Friday, September 6, 2013

Hawthorn Berry Fruit Leather

My apologies to my readers. I have been swamped making the final edits to my Master's Thesis. But, as of today it has been submitted elevating me to the status of Master Forager!

Even over the last few busy weeks, we still managed quite a few after-work foraging adventures. One such outing was inspired by bushcraft expert Ray Mears...hawthorn fruit leather.

Hawthorn is a delicious little berry with a ton of natural pectin. As a result, if you squeeze the berries into a mush, they will solidify into a jello-like consistency in an hour's time. This unique quality has led some to conclude that this fruit may have been pivotal to making the first jelly and jam.

Many folks love a strawberry rhubarb pie, but are surprised to learn that portions of the rhubarb plant are poisonous. The same goes for hawthorn who's berries are delectable, but cyanide-rich pits are deadly! So like all foods, we learn just how to prepare and consume them so that their greatest potential is reached.

We began by harvesting the berries.

Next the stems were removed.

Finally the fruit was squeezed and mixed with foraged peach (hawthorn berries are a bit dry this time of year and need a little added water or juice). Care was taken to remove all poisonous pits from the mixture as well. Keep in mind that this is about an hour long step, so be patient when you try it.

Next the slop was placed into a glass bowl to congeal.

After an hour the solid fruit loaf was removed and sliced.

After a few hours in the sun all the moisture had evaporated and though the fruit leather didn't look all that tasty, it certainly wasn't half bad!

An added bonus according to Ray Mears is the ability of this fruit leather to preserve for well over a year! When it comes to foragable food, such a shelf life is a major plus.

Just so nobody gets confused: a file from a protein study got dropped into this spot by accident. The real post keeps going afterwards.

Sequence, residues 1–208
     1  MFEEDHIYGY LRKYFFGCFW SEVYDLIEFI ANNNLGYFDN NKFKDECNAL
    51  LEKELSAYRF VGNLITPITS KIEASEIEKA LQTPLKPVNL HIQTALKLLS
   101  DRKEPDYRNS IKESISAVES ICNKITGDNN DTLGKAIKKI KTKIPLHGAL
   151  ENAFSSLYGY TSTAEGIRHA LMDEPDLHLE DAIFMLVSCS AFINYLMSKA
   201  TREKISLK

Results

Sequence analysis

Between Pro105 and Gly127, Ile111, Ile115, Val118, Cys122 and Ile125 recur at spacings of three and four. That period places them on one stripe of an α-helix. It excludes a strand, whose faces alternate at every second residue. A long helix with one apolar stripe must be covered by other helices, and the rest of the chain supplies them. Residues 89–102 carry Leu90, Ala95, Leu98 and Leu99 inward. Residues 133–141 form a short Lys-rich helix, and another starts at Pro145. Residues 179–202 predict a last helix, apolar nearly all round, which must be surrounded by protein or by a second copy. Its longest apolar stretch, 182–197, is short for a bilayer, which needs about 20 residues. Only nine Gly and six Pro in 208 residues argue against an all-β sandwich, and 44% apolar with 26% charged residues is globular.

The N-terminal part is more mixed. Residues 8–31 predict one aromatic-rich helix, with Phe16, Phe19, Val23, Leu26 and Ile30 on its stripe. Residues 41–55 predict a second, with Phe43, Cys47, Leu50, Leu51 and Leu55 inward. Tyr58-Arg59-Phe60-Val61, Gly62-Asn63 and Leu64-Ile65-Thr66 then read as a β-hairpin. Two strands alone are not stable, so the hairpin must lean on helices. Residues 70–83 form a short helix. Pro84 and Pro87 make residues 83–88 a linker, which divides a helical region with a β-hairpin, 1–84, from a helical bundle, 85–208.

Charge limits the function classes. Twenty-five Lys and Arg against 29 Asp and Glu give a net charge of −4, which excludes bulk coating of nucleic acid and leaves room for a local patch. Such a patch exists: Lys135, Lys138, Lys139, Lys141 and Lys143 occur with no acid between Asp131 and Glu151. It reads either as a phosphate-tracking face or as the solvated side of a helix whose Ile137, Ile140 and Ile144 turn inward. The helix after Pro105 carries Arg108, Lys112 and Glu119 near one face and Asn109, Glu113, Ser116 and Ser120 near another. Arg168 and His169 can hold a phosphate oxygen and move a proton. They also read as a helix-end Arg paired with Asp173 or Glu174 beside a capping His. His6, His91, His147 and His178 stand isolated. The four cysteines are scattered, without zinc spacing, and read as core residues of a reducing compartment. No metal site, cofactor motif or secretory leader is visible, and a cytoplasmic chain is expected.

Keep the old ways alive!



  1. Congratulations!
    Looks good---beautiful photos.

  2. Hi there! We live in San Francisco and would like to find hawthorn fruits in Northern California. Where did you find these?

    Thanks Trent

    1. Hey Trent! SF should have tons of them. I wouldn't recommend harvesting in a church yard or cemetery, but if you visit one, there will almost certainly be a hawthorn tree present as planting them in such contexts was common practice in the old world and a tradition that continues here. Once you have learned to accurately identify the tree based on distinct leaf morphology, bark features, and berry shape/color, you will start seeing these everywhere. The one in this post was on private land but after asking, we were immediately granted permission as almost no one east these. Just knock on a few doors and someone is bound to be receptive. Remember that the pits are deadly poisonous though! Good luck and remember, when foraging, as in life, if you are not having fun, you're not doing it right! Enjoy!